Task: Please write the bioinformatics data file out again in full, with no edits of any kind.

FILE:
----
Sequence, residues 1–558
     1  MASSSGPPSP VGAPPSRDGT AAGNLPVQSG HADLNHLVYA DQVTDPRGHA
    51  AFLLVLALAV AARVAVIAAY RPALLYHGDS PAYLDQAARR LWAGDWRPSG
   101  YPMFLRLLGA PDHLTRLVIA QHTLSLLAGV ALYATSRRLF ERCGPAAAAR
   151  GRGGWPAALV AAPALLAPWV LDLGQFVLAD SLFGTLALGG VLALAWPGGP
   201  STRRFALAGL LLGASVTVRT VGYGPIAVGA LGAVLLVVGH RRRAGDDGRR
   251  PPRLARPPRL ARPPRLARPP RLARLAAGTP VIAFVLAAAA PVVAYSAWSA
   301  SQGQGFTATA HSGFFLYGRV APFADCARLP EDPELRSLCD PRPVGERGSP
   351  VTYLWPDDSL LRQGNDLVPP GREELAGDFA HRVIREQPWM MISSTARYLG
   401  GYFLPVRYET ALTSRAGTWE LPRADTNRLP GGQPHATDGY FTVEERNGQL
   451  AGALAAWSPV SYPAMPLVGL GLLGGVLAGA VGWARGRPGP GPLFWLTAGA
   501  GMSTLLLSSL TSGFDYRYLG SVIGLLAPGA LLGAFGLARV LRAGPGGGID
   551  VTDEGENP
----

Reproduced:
Sequence, residues 1–558
     1  MASSSGPPSP VGAPPSRDGT AAGNLPVQSG HADLNHLVYA DQVTDPRGHA
    51  AFLLVLALAV AARVAVIAAY RPALLYHGDS PAYLDQAARR LWAGDWRPSG
   101  YPMFLRLLGA PDHLTRLVIA QHTLSLLAGV ALYATSRRLF ERCGPAAAAR
   151  GRGGWPAALV AAPALLAPWV LDLGQFVLAD SLFGTLALGG VLALAWPGGP
   201  STRRFALAGL LLGASVTVRT VGYGPIAVGA LGAVLLVVGH RRRAGDDGRR
   251  PPRLARPPRL ARPPRLARPP RLARLAAGTP VIAFVLAAAA PVVAYSAWSA
   301  SQGQGFTATA HSGFFLYGRV APFADCARLP EDPELRSLCD PRPVGERGSP
   351  VTYLWPDDSL LRQGNDLVPP GREELAGDFA HRVIREQPWM MISSTARYLG
   401  GYFLPVRYET ALTSRAGTWE LPRADTNRLP GGQPHATDGY FTVEERNGQL
   451  AGALAAWSPV SYPAMPLVGL GLLGGVLAGA VGWARGRPGP GPLFWLTAGA
   501  GMSTLLLSSL TSGFDYRYLG SVIGLLAPGA LLGAFGLARV LRAGPGGGID
   551  VTDEGENP